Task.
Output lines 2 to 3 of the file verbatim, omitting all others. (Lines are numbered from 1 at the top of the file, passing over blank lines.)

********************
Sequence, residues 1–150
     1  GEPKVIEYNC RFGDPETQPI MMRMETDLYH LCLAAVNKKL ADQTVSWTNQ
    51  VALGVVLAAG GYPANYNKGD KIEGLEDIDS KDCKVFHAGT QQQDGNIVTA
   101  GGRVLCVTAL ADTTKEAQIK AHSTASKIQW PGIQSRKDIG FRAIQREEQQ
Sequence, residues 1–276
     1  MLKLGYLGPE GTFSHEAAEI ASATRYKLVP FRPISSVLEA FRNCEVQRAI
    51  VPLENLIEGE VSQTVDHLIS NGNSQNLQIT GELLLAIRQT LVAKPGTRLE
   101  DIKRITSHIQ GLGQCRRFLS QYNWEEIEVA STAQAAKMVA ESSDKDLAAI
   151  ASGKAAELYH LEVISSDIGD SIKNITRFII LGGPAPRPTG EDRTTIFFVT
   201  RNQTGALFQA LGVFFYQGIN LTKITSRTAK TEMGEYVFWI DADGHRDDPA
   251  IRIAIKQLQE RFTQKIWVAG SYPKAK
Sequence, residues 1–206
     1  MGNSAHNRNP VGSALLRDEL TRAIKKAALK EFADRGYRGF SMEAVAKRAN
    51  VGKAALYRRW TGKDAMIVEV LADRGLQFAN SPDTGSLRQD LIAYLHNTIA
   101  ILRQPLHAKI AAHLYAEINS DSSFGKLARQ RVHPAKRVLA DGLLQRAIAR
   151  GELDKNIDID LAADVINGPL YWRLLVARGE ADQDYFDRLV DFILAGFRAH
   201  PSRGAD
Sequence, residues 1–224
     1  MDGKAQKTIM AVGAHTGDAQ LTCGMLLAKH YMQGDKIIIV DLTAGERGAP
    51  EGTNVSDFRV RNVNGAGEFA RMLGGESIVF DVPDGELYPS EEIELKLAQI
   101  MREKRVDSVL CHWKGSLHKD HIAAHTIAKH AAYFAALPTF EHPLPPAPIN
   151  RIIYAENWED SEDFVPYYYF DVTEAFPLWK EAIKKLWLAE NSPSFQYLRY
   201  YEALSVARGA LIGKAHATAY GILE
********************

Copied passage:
     1  GEPKVIEYNC RFGDPETQPI MMRMETDLYH LCLAAVNKKL ADQTVSWTNQ
    51  VALGVVLAAG GYPANYNKGD KIEGLEDIDS KDCKVFHAGT QQQDGNIVTA